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A Quantum Leap

Wow. It's the 29th of February, and it means the next time I type this out would be four years from now. I came back to my dorm during my one hour lunch break and went to the kitchen downstairs to turn on the television. I never realised how close I had become to Paul Reiser and Helen Hunt. They seem to keep me company every time I eat lunch alone.
I know that after reading many of my journals, it would be quite evident that you'd say "this guy has no friends," or "he needs to get a life". Maybe you are right. I have friends, or rather acquaintances. I do not know if I'd meet the same bunch of people again next semester, let alone after I finish my studies here and head back home. On the other hand, I've known Paul and Jamie Buchman for a really long time. I've seen them quarrel, seen them get back together. In so many ways perfect, yet in so many ways human. I remember falling for the character Jamie at one point in time, like the millions of male viewers who've seen the show.
I received an email from a young lady who visited my homepage. I was so amazed at the level of maturity I found in her short mail. She read my journal on "Childlike, Not Childish" and she wrote about how many people tried to cover up their true feelings but wished for the process of growing up to slow down. In her mail she reminded me of the beauty to be found in the eyes of the young, eyes that hold no grudges, eyes that are totally trusting. I breathe her writings in like fresh air, renewing me from the effects growing up has had on me. Becoming more cynical while calling it pragmatism, becoming more critical while calling it more analytical. Let's not fool ourselves. A lot of us grow up uglier than we first started. To the dear girl who reminded me thus, thank you.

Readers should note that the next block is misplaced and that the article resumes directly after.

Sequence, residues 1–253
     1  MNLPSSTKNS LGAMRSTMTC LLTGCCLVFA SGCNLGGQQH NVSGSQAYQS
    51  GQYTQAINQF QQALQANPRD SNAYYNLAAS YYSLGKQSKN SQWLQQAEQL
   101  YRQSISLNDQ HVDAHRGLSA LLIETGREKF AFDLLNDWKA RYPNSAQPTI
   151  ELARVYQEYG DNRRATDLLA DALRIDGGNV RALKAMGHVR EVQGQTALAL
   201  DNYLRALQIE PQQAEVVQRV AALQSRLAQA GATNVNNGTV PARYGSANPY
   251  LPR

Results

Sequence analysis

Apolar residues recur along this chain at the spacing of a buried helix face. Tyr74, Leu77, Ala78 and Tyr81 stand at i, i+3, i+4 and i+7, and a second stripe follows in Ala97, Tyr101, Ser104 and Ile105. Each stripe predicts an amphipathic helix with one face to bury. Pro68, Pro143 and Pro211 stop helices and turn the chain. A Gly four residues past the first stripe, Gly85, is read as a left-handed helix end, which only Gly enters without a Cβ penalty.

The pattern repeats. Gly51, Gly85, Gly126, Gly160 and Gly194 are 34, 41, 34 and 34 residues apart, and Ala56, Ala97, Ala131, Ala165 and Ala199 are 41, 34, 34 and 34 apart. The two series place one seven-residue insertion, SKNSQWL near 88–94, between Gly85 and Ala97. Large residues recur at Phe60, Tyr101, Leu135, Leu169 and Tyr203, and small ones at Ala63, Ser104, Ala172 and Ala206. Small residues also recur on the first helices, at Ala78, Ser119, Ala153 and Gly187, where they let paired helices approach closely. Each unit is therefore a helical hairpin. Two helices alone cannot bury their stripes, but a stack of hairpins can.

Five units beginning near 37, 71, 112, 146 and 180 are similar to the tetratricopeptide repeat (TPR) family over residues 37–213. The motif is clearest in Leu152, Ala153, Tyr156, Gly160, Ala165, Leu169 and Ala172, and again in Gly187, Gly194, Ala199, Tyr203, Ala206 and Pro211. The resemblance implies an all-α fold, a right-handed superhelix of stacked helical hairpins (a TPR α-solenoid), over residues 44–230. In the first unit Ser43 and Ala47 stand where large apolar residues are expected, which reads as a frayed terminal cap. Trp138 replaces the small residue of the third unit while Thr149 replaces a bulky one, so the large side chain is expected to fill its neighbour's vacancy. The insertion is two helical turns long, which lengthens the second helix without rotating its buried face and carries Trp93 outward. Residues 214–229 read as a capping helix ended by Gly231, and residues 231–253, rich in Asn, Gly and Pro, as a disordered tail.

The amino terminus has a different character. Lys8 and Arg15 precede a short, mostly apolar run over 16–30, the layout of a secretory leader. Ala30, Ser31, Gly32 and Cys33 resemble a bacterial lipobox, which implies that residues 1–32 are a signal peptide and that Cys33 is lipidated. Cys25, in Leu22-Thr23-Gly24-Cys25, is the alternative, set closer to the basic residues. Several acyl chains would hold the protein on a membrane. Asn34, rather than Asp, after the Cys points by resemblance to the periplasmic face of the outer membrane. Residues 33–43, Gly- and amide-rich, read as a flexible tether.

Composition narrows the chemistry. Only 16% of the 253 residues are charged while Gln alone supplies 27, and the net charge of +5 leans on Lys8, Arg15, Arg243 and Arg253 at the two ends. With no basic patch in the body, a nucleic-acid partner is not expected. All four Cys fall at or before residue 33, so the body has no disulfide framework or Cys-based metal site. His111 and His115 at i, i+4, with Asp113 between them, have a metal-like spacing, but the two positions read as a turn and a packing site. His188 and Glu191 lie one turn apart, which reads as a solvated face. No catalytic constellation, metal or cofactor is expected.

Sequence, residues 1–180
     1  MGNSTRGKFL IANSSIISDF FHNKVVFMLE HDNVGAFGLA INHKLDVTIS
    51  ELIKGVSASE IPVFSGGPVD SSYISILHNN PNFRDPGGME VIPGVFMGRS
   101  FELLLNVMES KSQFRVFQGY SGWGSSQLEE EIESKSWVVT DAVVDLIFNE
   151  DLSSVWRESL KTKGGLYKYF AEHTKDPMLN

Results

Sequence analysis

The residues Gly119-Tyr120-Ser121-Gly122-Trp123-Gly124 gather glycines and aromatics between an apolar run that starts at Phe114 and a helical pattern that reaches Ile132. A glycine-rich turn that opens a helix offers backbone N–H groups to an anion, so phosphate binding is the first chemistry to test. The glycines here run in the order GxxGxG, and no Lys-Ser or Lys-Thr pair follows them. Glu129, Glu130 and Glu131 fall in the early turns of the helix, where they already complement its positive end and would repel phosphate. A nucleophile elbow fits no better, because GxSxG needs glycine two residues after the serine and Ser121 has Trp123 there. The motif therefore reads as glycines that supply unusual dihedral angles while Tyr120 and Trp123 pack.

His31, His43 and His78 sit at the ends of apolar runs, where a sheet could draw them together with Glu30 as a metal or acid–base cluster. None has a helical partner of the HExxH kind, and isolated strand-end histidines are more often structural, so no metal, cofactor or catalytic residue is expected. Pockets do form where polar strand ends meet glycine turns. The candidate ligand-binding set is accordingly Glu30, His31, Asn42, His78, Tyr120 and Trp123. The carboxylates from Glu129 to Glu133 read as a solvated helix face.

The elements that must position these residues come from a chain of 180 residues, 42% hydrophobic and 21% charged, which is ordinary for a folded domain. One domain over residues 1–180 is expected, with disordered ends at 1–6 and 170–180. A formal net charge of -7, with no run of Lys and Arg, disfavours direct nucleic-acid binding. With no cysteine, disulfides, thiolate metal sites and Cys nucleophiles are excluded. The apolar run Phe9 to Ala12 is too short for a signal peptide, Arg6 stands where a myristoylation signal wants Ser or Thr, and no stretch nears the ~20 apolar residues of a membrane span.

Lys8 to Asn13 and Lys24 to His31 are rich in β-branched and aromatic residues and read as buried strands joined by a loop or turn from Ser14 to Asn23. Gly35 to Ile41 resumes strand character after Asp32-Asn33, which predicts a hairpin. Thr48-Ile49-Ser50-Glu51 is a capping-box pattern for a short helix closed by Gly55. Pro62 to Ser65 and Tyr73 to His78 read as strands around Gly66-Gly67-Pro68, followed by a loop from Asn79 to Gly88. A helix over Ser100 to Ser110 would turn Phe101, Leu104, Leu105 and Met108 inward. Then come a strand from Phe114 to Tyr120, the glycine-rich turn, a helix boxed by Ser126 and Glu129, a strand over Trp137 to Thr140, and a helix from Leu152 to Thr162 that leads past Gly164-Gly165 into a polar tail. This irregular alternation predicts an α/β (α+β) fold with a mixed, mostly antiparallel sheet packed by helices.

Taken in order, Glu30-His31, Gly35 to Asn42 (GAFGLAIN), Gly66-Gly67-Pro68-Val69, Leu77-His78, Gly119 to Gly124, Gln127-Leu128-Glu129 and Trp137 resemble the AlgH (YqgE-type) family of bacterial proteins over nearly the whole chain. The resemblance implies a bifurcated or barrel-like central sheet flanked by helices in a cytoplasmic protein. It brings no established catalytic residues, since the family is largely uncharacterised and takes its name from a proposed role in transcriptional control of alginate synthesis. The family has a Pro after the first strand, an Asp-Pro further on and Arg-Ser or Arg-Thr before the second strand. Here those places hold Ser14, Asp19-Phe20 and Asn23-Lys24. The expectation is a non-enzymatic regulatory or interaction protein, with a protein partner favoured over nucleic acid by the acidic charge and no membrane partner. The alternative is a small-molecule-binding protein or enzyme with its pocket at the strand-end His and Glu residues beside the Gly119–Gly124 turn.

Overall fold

Attitudes are contagious, I found that out yesterday. I played basketball at the recreation center at night, and found that despite my poor level of play thus far, there have been people who have noticed me and wanted me to play with them, saying "he's got skills". I played with them, always bearing in mind that pride came only before a fall, and just played for the love of the game. What seemed like a pretty competitive team I was on, slowly softened and played for the sheer joy of it. We won, but we trod on no one. we lost, and we did not blame one another.
I had a good block on one of the plays, where I sent the shot of the opposing team way out of the court. The people watching screamed with exhilaration at the block with phrases like "he took him to school!" or "he totally dominated him!". It's not about domination over the other, or trying to embarrass anyone. I patted the guy I blocked on the back and said "sorry man". He responded with a smile and said "Good defense". These are the games I want to play, where the basketball remains a basketball, not anything more. We can have a win-win situation even in games, but it is so easy to compete to dominate, to win, and eventually to really lose.

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